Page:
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Slow river rise affecting local fishing

The Mississippi River is on a very slow rise.

Our prediction a month ago that we could possibly see a favorable level for fishing the live oxbow lakes, located on the unprotected side of the levee, by mid-June is fading fast, but still possible.

If not by June 15, we may be fishing the Old River bend lakes by the end of June. That is just in time to escape the high traffic of the Fourth of July holiday on the landlocked lakes.

The river stage at Natchez today is 46.1 feet and rising real slow. On Monday, we will be at 46.4 feet then 46.8 and 47.1 on Thursday. There is finally a crest level and a date on the charts.

For several days they did not have this information available. As of today, the Corps is predicting a crest at Natchez of 48.0 feet (flood stage) on June 19.

If that holds up, it looks like the river will be holding steady around 47 to 48 feet for about two weeks. We are certainly ready to fish something besides piers and cypress trees.

The live oxbows fluctuate as much as 50 feet, so there are no cypress trees in the Old Rivers at Yucatan, Vidalia and Deer Park. Willow trees can grow in water so willow trees make up the majority of cover that holds fish on the Old Rivers.

What the Old Rivers have to offer that the landlocked lakes don’t, is bass, white perch, white bass, catfish and a few sea run striped bass that do not have a Ph.D. in hooks and lures.

In other words, there are some dumb fish in the Old Rivers, and dumb fish are the best kind to fish for.

Conditions are shaping up for this to a banner year for the live oxbow lakes. The river stayed around or just above flood stage for several months, flooding the surrounding woods.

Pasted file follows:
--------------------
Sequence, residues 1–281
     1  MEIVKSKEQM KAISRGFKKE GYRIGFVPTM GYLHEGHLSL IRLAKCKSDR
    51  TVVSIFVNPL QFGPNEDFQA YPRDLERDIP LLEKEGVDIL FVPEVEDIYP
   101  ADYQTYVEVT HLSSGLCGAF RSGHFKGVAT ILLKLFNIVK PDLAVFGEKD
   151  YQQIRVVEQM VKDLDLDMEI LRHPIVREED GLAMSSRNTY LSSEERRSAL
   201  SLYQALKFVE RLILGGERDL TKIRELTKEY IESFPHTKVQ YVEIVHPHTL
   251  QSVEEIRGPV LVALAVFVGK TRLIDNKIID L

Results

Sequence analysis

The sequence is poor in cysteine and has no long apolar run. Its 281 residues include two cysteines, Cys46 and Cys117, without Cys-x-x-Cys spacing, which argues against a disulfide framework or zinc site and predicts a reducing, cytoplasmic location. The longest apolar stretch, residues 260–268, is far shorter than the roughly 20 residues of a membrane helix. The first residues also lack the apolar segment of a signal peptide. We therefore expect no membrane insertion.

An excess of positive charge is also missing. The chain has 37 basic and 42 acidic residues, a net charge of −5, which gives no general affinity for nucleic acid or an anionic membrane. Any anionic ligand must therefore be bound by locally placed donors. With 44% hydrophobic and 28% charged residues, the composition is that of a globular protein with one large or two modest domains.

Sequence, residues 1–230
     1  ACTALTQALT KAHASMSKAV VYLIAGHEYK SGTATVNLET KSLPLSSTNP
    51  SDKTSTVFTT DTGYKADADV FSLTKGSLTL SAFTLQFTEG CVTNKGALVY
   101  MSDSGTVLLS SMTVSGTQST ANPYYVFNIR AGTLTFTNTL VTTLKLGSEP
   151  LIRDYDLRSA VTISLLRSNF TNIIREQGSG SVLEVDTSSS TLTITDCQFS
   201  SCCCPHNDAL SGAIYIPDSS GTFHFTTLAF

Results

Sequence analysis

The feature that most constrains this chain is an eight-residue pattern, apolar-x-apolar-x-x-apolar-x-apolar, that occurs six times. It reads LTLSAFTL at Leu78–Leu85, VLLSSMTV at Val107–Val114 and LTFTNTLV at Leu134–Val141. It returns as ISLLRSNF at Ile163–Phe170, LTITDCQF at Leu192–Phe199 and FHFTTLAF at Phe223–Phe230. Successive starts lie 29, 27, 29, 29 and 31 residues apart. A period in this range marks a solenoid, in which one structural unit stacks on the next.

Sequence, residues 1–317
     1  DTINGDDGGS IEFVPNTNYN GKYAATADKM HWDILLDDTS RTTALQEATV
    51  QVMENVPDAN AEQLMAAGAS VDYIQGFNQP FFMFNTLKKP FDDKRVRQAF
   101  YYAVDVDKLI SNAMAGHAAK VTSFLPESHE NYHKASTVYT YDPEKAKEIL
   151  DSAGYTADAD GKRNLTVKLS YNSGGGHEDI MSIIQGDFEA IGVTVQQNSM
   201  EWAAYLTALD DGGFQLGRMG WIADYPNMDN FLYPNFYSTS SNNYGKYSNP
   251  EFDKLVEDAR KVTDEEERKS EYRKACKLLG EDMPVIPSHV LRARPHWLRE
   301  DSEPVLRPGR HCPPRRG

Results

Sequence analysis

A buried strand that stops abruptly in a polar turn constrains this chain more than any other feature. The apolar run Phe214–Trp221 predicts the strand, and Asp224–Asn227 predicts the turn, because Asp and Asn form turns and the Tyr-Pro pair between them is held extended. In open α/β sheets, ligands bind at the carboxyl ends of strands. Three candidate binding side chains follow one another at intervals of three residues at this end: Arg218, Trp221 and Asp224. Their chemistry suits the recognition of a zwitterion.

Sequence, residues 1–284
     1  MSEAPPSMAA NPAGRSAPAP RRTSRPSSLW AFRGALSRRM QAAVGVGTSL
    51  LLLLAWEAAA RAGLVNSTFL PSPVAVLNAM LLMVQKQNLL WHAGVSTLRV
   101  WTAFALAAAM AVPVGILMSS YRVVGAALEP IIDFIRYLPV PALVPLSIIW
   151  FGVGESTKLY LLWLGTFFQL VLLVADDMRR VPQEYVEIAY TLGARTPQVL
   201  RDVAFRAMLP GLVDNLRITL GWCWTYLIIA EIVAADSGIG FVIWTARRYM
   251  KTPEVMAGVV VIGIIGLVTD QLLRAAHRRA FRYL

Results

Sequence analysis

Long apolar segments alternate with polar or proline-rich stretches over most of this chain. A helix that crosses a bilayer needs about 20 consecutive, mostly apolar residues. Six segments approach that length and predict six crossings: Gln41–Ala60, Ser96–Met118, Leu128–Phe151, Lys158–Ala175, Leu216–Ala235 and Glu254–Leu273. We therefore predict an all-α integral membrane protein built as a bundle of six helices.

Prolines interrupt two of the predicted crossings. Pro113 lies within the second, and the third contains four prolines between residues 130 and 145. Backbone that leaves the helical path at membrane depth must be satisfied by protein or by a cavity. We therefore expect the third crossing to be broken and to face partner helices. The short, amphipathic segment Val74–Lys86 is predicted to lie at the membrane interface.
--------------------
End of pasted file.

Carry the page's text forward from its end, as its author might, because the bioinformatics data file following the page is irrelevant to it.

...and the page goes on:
That puts a lot of fish food in the water. Right now the water clarity looks great. Huge mats of duck seed cover hundreds of acres. I can hear the beam feeding under the duck seed.

Duck seed looks like a huge green carpet on the water. It’s actually good for the fishing but aggravating to boat through. Duck seed clogs up water pump intakes on outboards which will cause your motor to run hot.

If you know the area you are idling through, it would be better to keep your outboard trimmed down below the matted duck seed. That way you’ll pick up clean water and not the duck seed from the surface.

I am a bit anxious to fish the Old Rivers this year. We usually wait until we have a level at Natchez/Vidalia under 40 feet, but I plan to fish the Old Rivers and backwaters as soon as the river drops to about 43 or 42 feet. At that level, the water is still in the woods, but if you follow the drains leading to the flooded barrow pits, you can find some fish stacked up.

About 30 years ago, I had one of the best bass fishing trips of my life on Deer Park, catching 15 bass over five pounds; I lost count of the three- and four-pound fish.

The river was at 38 feet and falling fast. We were cranking big deep diving Bagley DB3 lures in 17 to 21 feet of water. You had to burn the crank bait with a wide open retrieve. When the lure bounced off a limb or the bottom, the bass would crush the lure. That pattern still works to this day, but if you have ever pulled a big crank as fast as you can reel it, you know that it is very hard work, but extremely productive.

At 38 or lower, the big Old River bream will be easy to locate and that is fun. You can catch white perch at that level but many perch fishermen wait until about 30 down to 28 feet or lower to fish for the big slab perch on the Old Rivers.

Please practice safe boating. There is a ton of boat traffic on our lakes this summer so wear your personal flotation device when under way. Life jackets are called “life” jackets for a reason.

They can save your life.